From here Roughgarden repeats the standard trope that people like Dawkins scare people away from evolution. Like they might have been sympathetic to evolution, but then mean old Richard Dawkins and his blunt talk came along and made them nervous. As is always the case when this little bagatelle comes up, Roughgarden provides no evidence that this is actually true. But what I found really interesting was the following paragraph, with which Roughgarden closes her discussion:

More important, selfish-gene philosophy intellectually enables the intelligent-design movement. If one group (selfish-gene advocates) asserts that facts from science refute the existence of God, then another group (intelligent design advocates) is free to conlude the opposite with as much validity. Selfish-gene advocates can’t have it both ways – they can’t assert that science disproves the existence of God and then turn around and say that anyone with the opposite position isn’t doing science. Inasmuch as most sicentists think the existence of God can’t be proved with data, the nonexistence of God can’t either.

It’s hard to imagine a paragraph more confused than that.

We have already discussed the fact that selfish genes are entirely separate from atheism, so she gets off to a bad start.

Next, no one claims that science, selfish genes or otherwise, proves atheism. People like Dawkins, (and myself) claim that atheism is the most reasonable conclusion to be drawn from the facts of nature as we know them, but we all agree that the God question is not itself something that science can resolve.

The accusation that ID folks are being unscientific stems from their desire to replace naturalistic explanations with supernaturalistic ones. It also comes from the fact that their ideas lead to nothing in the way of new insights into nature, or into new dircetions for scientific research. ID is nothing more than criticisms of evolution coupled with the assertion that design should win by default. It is not their “position” that prompts the charge.

Sadly, this sort of simple-mindedness and unwillingness to grapple seriously with contrary views is a major flaw in much of Roughgarden’s book. In future posts I will look at some of her thoughts on other subjects, but this post has gone on long enough.

Comments

  1. #1 Corkscrew
    September 5, 2006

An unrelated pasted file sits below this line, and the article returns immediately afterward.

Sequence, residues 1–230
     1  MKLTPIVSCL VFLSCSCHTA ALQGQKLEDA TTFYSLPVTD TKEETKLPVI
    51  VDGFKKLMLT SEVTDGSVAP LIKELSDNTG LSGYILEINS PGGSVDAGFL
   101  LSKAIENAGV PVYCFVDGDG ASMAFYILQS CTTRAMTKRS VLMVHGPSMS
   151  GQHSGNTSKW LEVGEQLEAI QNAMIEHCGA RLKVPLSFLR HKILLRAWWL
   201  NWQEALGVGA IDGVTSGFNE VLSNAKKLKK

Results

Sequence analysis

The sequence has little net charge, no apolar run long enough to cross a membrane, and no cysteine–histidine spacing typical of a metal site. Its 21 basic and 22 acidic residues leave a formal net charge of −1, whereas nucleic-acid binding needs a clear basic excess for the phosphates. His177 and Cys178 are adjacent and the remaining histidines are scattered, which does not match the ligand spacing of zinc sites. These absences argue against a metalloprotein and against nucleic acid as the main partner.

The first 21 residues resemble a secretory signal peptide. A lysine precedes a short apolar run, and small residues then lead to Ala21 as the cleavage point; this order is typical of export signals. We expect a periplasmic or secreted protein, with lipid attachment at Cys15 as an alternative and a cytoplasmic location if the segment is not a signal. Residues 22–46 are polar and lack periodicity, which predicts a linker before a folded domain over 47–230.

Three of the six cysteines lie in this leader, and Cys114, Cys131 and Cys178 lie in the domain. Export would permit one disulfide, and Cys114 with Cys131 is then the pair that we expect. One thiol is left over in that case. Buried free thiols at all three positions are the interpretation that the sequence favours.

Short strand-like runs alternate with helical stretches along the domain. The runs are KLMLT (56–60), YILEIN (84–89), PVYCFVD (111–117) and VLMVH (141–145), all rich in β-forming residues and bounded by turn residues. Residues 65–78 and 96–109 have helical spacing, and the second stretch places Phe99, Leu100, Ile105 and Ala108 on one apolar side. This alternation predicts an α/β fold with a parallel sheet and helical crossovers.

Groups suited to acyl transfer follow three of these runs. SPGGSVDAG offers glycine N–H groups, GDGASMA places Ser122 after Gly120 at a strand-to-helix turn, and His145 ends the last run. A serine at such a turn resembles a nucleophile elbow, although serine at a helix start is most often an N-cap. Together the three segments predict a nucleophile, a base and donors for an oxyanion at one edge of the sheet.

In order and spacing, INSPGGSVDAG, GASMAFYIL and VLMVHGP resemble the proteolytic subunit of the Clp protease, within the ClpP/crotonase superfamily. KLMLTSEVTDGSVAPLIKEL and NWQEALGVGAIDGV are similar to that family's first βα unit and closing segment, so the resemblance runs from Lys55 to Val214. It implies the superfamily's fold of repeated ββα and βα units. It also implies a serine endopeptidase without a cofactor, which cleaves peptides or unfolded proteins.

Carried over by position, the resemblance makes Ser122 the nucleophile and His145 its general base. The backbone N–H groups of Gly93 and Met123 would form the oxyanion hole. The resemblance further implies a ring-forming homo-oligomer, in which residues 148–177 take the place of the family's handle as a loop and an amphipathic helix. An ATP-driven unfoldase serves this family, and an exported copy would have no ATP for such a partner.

Inasmuch as most sicentists think the existence of God can’t be proved with data, the nonexistence of God can’t either.

    Of course, what makes this even more confused is that it’s entirely possible for something to be verifiable, but for its converse not to be. And actually the statement “there is a god” is one such – it can be demonstrated simply by finding a helpful deity who’s willing to engage in scientific experimentation, but can’t be falsified without exhaustively checking every entity that exists to see whether it qualifies as a god (which is impossible).

  2. #2 Sastra
    September 5, 2006

    If one group (selfish-gene advocates) asserts that facts from science refute the existence of God, then another group (intelligent design advocates) is free to conlude the opposite with as much validity. Selfish-gene advocates can’t have it both ways – they can’t assert that science disproves the existence of God and then turn around and say that anyone with the opposite position isn’t doing science.

    It’s interesting to see what happens when you substitute “the existence of God” with “the existence of psi.” Or chi energy, astrology, vitalism, homeopathy, clairvoyance, and the ability to bend spoons with the power of the mind. Advocates of such things will say either “there is good science supporting it” OR “we can only know these things through other ways.” Or both.

    I suppose the skeptics address whichever argument is made — or made first. But if someone says science doesn’t support the existence of Life Energy, are they just encouraging more bad paranormal research by granting it scientific status?

  3. #3 Rienk
    September 5, 2006

    I guess she never read the following quote by Dawkins:

    Let us try to teach generosity and altruism, because we are born selfish. (The Selfish Gene)

    Anyway, to continue… I think scientists can agree on the following: Science has disproved all Scripture based Gods (and the question is, what is left to believe?). If anyone with a scientific mindset believes otherwise than the dissent is, in my opinion, based on emotional pseudo-arguments. Roughgarden clearly does not realize that her anti-Selfish Gene stance comes forth from the same emotional pseudo-arguments.

  4. #4 John Doyle
    September 6, 2006

    While Dawkins’ atheism and his evolutionary science aren’t identical, they are related. The subtitle of The Blind Watchmaker is Why the Evidence of Evolution Reveals a Universe Without Design. Now of course you can have a god who didn’t have anything to do with creating the material universe — many such gods have populated world culture throughout history. Judeo-Christian culture believes that its God did create the universe, either directly or indirectly. Dawkins’ evolutionary science goes hand in hand with his rejection of that particular God — or at least the common historical understanding of that God.